Feeling anxious? You’re not alone. Everyone worries, and with the amount of general uncertainty in the air right now, it’s not surprising that you might feel more anxious than usual.
“Anxiety is future-oriented, so we're worrying about something that we don't know about yet,” says therapist Whitney Goodman in one of JanSport’s #LightenTheLoad sessions.
Staying in the moment can help by turning your attention away from future uncertainty and toward the present reality. But focusing on the present is harder than it sounds. Here are a few tips to help you keep grounded when you feel your anxiety building up.
Make a new routine
One of the best ways to combat anxiety is to have a routine—but that’s tricky now that COVID-19 has disrupted much of our day-to-day lives. Luckily, there’s a simple solution. If your normal routine is no longer possible, try making a new one. For example, you could get up at the same time Monday through Friday, schedule a weekly video chat with your friends on Saturday, and declare self-care Sunday by finding a way to treat yourself each week.
Having structure helps give your days definition so that there are fewer unknowns to worry about. As Goodman put it: “[Committing] to doing small things daily can really help you transition out of that mode of everything is kind of certain.”
Go for a walk
Keep your Fifth Avenue FX Fanny Pack by the door, loaded up with headphones, sunglasses, sunscreen, and any other outdoor essentials, such as a camera or notebook. That way, when you start feeling stressed, you can grab it and go. Walking can help you calm down by using up some of your anxious energy. Plus, it also gives you something else to focus on: the birds, your neighbors, even the weather.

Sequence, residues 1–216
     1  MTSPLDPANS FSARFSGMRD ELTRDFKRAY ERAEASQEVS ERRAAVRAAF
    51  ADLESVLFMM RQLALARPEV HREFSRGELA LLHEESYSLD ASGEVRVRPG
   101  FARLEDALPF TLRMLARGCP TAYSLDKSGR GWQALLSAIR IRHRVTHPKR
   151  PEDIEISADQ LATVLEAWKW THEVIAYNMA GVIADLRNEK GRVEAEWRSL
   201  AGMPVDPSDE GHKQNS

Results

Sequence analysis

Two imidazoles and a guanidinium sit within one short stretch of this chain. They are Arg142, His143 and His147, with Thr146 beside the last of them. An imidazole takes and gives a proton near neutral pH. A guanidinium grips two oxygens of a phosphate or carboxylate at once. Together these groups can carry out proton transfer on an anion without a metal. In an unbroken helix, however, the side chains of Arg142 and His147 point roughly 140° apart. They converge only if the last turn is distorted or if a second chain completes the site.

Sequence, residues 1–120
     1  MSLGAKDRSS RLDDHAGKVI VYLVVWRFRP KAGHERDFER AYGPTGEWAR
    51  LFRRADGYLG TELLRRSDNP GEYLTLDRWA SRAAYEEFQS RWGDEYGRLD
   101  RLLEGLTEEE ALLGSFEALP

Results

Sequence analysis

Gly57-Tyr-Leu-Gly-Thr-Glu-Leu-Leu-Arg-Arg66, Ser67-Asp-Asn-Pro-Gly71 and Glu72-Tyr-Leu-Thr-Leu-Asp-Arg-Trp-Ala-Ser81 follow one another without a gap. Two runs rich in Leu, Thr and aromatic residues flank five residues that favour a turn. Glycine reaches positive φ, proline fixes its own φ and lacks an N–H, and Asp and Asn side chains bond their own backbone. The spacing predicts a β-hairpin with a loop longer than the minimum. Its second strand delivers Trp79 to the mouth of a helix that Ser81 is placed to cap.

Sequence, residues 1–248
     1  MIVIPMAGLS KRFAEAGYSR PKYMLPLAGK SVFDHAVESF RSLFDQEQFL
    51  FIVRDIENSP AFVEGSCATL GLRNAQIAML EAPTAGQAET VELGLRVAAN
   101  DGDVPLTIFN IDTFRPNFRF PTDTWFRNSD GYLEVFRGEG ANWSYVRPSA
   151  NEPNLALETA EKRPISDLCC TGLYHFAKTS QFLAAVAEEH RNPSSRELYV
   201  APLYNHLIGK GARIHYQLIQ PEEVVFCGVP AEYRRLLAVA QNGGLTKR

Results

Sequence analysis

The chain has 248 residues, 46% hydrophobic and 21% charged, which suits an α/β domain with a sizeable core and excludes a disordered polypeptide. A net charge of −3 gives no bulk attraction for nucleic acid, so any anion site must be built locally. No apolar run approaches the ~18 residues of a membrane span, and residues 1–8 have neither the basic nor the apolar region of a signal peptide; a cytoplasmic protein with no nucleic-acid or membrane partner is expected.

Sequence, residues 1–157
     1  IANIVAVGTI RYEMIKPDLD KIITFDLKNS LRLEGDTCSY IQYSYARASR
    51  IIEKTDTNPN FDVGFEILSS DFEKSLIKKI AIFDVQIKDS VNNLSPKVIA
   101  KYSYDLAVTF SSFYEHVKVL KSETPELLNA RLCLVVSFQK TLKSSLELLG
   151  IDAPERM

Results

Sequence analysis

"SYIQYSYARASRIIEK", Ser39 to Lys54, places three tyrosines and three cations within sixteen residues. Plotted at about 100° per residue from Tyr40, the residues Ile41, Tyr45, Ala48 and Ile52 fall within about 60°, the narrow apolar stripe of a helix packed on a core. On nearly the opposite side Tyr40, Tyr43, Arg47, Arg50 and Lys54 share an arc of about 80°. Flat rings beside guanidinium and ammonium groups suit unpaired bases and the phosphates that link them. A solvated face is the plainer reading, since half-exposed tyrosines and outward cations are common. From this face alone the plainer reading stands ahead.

Focus on what’s right in front of you
When your thoughts start to spiral, Goodman recommends you “be really present with what you’re doing.” For example, count the pins on your Mono SuperBreak, list three things you can hear, or, if you’re eating, concentrate on what your food tastes like.
“Trying to hone in on the experience you're having in that moment will help you move away from the worry,” Goodman says. “And if the worry comes up again, validate it. ‘Okay, it's there now, I'm going to try to go back to the present.’”
When your anxiety gets bad, you may find yourself taking short, shallow breaths. Doing a simple breathing exercise can help even out your breathing while giving you something else to focus on.
You’ll want to experiment until you find one that works for you. One option: You could try simply closing your eyes while breathing in through your nose, out through your mouth.
Or you could even out your breath: Breathe in and out through your nose, counting to four each time. Once you’ve mastered four counts, make it harder—elongate your breathing to six or eight counts.
One more technique? Inhale through your nose for a count of four, then hold for a count of seven before exhaling slowly for a count of eight.
Change the subject
If your thoughts keep moving round and round in circles, throw an impromptu dance party, read a book, or do a puzzle. Changing the energy in the room—and the subject on your mind—can help you stop worrying about the future.
If you’re still having trouble distracting yourself, try redirecting your energies to something you can control. Find a way to take action. Volunteer for a cause, sort out your family’s recycling, or put together a box of items to give to Goodwill. Helping others can help give you a sense of perspective. Your worries might not seem so big in comparison.
How do you stay calm when you start to feel anxious? Share your tips by using #LifeUnzipped on social media.
By: Jessen O’Brien